A news release from the nonpartisan Employee Benefit Research Institute (EBRI) said fewer participants are spending their distributions.
This choice can profoundly affect participants’ financial resources in retirement, particularly in the case of young workers, the EBRI study said. For example, a 25-year-old who leaves an employer after accumulating a $5,000 account balance would have about $24,600 at age 65, assuming a constant 4% rate of return compounded monthly.
Other findings included:
- 43.4% of lump-sum recipients who received their most recent distribution through 2003 placed all of their distributions in a tax-qualified savings plan such as an individual retirement account or another employment-based plan. This was up from 19.3% through 1993.
- 25.2% of lump-sum recipients who received their most recent distribution through 2003 used any portion of their distribution for new consumption such as buying a home or boat or medical or dental expenses. This was down from 38.3% through 1993.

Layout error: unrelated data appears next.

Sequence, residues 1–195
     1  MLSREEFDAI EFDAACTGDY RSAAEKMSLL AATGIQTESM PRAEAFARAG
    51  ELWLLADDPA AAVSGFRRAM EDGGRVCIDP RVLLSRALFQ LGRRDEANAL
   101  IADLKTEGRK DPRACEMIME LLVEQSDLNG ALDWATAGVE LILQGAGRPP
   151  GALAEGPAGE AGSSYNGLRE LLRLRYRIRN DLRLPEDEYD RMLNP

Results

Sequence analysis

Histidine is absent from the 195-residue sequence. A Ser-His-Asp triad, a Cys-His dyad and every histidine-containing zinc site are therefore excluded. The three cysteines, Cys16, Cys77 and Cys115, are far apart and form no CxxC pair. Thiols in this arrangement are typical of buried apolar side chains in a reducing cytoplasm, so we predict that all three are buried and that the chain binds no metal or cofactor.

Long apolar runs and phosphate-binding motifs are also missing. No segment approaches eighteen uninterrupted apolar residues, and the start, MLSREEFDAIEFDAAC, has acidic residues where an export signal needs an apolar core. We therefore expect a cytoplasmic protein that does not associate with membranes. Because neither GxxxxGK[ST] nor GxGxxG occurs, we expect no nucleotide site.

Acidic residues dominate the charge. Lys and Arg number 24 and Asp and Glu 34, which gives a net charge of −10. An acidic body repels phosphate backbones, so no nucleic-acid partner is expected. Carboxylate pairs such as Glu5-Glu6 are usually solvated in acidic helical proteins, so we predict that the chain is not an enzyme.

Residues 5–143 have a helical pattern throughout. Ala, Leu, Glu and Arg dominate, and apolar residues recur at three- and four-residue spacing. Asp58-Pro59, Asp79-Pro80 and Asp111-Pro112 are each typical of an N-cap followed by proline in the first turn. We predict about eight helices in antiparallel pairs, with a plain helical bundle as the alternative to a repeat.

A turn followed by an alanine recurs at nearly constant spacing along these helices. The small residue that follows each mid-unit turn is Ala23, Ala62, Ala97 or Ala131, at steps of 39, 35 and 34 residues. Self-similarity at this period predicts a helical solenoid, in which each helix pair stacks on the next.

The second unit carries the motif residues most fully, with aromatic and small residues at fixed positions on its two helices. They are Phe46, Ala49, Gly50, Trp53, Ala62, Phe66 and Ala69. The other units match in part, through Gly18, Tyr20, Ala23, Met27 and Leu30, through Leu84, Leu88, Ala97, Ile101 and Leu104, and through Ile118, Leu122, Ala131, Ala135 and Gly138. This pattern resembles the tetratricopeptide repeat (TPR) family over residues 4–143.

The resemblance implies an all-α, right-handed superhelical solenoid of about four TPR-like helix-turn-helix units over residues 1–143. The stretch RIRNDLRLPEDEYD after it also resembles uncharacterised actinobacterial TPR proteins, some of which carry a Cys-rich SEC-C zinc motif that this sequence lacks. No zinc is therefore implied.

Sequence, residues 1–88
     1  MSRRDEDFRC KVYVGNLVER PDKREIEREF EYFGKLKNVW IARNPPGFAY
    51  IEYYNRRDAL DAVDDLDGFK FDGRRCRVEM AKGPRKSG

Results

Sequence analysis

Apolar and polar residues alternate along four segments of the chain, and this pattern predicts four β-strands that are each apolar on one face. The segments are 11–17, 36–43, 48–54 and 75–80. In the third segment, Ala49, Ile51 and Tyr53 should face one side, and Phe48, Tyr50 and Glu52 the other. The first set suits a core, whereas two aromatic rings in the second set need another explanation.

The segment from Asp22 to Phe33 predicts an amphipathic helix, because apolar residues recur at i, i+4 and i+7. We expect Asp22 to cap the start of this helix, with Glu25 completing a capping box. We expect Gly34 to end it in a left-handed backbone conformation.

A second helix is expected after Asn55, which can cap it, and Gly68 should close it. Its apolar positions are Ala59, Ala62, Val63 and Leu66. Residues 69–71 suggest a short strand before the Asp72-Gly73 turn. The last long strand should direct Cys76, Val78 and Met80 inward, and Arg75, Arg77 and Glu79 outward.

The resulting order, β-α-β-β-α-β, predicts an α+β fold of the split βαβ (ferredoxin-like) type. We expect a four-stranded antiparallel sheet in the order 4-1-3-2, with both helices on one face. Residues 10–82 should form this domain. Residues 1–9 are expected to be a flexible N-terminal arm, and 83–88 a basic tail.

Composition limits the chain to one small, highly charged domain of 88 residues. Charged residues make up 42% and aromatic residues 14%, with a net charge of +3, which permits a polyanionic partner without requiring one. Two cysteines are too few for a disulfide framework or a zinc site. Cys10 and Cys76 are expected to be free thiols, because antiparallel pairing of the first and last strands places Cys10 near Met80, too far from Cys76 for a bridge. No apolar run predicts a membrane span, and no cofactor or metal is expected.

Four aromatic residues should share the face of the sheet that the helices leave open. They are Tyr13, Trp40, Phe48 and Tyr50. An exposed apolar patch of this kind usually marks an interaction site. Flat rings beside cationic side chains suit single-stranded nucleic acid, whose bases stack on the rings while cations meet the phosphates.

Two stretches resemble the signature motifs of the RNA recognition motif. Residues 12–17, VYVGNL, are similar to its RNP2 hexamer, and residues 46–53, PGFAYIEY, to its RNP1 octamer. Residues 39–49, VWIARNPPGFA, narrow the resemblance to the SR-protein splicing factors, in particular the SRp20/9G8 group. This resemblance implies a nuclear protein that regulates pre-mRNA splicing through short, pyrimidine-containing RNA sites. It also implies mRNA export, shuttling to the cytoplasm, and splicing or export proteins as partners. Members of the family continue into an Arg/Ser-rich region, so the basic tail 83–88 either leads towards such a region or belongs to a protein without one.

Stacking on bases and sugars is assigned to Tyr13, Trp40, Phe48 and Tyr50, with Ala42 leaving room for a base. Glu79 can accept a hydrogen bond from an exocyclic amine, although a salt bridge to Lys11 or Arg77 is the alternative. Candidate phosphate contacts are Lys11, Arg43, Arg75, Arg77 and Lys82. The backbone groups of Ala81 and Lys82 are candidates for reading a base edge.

- $30,072 was the mean (average) distribution; $8,118 was the median distribution. For the most part, lump-sum distributions were relatively small, with a total of 26.2% amounting to less than $2,500. Another 29% were from $2,500 to $10,000.
- Two-thirds of the most recent lump-sum distributions took place from 1994-2003. Nearly 60% of those receiving a lump-sum distribution were ages 21 to 40 when they received the distribution.
The report is here .